Homemade salsas, with their fresh ingredients, often have more complex flavor profiles (and are more nuanced in terms of their heat levels) than the jarred stuff. There are many varieties of fresh salsas, each with different styles and flavors. Homemade salsa can be anywhere on a spectrum from mild to super hot. While increasing the heat in a salsa might seem simple — just add more chili pepper to the recipe — there’s actually a little more to it to get the flavor profile just right. Let’s break down how to make homemade salsa hotter while keeping your salsa’s overall flavor in mind.
Table of Contents
- The best all-purpose option: Add raw chili peppers
- For more acidic salsas: Add pickled chili peppers
- For roasted salsas: Add roasted chili peppers
- If time is on your side: Let it sit overnight
- For a quick fix: Add hot sauce
- Another quick fix: Add cayenne pepper
- Must-read related posts
Note: These tactics also worked for canned salsa. But with the freshness component of homemade, we put more of a focus on mapping a pepper’s flavor to the salsa’s flavor.
The best all-purpose option: Add raw chili peppers
Tossing in some chopped, uncooked hot peppers is by far the best way to spice up a raw salsa that is a little too mild for your liking. Choose the chili pepper that will deliver your preferred heat level and flavor. For example, jalapeño peppers will give you a mild heat with a bright, grassy flavor. But watch out since some are milder than others. That’s one of the difficulties with using fresh peppers – their Scoville heat range can really impact the overall heat, and it’s hard to plan for.
If you want to step the heat level up a little beyond the jalapeño, try serranos (comparably bright and grassy in flavor). You can take it even further with habaneros, which are a good option when you want a truly fiery salsa. In addition, habaneros have a fruity flavor that works really well with sweeter salsas.
If you want your salsa even spicier still, feel free to opt for bhut jolokia chilies. The bhut jolokia is also known as the ghost pepper. Take care, as this is a major super-hot jump up on the pepper scale. For it and the habanero, learn how to properly handle these chilies and treat chili burn.
For more acidic salsas: Add pickled chili peppers
Jarred, pickled chili peppers bring heat along with the vinegary acidity of their brine. Add pickled peppers to salsas like salsa cruda and salsa roja or any other salsa that will benefit from additional acidity and the increase in heat. The easiest pickled chilies to find will be banana peppers, pepperoncini, or jalapeños. The first two provide a milder spice, while the jalapeño has more mild to medium heat.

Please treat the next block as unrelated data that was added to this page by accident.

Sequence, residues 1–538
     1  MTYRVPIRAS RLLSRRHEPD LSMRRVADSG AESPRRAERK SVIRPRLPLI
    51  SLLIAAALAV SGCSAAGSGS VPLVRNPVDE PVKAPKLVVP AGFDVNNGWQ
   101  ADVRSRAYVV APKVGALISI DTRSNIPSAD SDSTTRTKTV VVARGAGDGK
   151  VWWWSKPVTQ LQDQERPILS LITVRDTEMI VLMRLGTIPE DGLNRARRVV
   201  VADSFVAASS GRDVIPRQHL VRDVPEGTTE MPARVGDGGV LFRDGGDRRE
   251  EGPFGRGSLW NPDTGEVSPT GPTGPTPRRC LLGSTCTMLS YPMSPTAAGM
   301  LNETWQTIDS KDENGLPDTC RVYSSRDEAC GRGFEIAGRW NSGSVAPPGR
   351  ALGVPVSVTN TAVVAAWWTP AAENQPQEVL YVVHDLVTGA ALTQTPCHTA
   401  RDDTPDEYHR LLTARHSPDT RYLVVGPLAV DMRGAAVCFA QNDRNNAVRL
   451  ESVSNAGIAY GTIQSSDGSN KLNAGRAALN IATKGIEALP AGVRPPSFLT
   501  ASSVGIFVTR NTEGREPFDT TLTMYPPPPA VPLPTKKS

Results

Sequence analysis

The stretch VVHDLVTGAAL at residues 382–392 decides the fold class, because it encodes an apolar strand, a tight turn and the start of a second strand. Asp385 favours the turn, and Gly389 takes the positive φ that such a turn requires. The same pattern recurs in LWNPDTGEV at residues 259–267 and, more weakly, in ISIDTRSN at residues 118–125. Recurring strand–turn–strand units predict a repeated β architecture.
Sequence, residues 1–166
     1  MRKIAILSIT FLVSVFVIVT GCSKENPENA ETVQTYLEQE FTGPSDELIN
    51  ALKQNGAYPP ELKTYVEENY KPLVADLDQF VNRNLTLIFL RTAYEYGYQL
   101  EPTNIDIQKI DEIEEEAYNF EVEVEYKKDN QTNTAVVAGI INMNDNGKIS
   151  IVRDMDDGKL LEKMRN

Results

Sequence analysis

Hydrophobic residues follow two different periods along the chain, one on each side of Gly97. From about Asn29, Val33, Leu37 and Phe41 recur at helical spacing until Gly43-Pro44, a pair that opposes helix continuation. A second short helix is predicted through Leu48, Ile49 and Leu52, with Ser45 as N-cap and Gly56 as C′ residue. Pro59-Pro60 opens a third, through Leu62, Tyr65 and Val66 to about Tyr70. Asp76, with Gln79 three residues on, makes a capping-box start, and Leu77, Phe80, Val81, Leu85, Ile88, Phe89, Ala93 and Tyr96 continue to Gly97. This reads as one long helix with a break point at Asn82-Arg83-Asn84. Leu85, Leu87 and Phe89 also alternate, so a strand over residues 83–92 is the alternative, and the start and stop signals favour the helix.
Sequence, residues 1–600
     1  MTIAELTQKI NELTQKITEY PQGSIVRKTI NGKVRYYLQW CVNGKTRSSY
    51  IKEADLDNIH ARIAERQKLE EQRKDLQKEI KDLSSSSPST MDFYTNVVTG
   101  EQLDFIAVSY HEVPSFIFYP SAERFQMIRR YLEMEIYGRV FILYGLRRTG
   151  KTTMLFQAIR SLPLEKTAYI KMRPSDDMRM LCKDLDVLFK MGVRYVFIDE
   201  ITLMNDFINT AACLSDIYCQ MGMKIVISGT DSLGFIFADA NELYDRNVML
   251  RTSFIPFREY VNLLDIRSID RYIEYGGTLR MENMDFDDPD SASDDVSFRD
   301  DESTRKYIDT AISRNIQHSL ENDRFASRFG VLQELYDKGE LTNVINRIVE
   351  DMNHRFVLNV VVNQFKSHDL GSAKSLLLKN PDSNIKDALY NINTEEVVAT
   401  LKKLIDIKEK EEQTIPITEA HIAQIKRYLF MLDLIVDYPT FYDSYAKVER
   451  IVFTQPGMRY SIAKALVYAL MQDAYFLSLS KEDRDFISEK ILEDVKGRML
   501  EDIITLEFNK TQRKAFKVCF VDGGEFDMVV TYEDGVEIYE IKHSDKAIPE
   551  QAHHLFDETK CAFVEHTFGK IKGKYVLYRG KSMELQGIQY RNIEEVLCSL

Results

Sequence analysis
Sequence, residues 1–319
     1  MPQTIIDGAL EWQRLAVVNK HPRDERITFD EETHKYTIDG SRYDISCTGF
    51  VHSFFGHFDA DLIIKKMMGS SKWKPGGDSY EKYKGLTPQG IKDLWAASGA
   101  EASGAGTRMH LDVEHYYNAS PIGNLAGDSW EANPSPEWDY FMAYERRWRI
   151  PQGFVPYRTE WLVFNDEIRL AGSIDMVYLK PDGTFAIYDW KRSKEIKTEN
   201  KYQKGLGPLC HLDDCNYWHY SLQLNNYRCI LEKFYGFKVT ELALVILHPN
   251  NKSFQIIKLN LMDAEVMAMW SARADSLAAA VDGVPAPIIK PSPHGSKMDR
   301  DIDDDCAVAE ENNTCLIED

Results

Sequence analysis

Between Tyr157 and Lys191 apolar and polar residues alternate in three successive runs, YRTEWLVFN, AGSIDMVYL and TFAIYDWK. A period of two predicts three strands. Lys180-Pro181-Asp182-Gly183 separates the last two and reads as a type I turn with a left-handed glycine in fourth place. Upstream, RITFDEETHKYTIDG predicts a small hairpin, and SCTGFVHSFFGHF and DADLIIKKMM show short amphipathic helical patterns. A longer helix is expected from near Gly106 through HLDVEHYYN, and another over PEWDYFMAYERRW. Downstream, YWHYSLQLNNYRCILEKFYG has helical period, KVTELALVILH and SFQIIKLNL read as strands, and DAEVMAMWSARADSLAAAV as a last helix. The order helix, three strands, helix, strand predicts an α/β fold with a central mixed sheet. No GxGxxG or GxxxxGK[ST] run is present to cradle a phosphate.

For roasted salsas: Add roasted chili peppers
Salsa ranchera is a type of salsa made with roasted ingredients. The roasting gives it a smoky, charred flavor profile that some liken to the taste of black pepper. Adding roasted hot chilies can add some heat, without diluting the smoky notes.
If time is on your side: Let it sit overnight
Making your salsa a day before you need it and keeping it overnight in the refrigerator can sometimes make it hotter. The peppers in your salsa will continue releasing capsaicin as it sits, making the dish continually hotter over time.
For a quick fix: Add hot sauce
Arguably the easiest solution for an overly mild salsa is to add a hot sauce to it. Hot sauce is both affordable and easy to find. Most hot sauces will give you mild heat combined with tartness. The tartness comes from the vinegar base used for Mexican favorites like Tapatio and Valentina. The drawback of hot sauce is that, unlike other solutions, it means that you will be adding moisture to your salsa, which may not be ideal.
Another quick fix: Add cayenne pepper
One of the reliable ways to add heat to food without also adding other flavors is to use some form of cayenne pepper. You can add crushed red pepper flakes, which are usually made of cayenne, or you can add cayenne pepper powder. Cayenne peppers give a moderate amount of heat to salsa without affecting the moisture level.
Must-read related posts
- What Is Salsa Verde? What’s in it? And how is it different from other salsas?
- Does Salsa Go Bad? What shelf life should you expect?
- How To Make Salsa Less Spicy: If you have the opposite issue, here’s how you can temper the spiciness.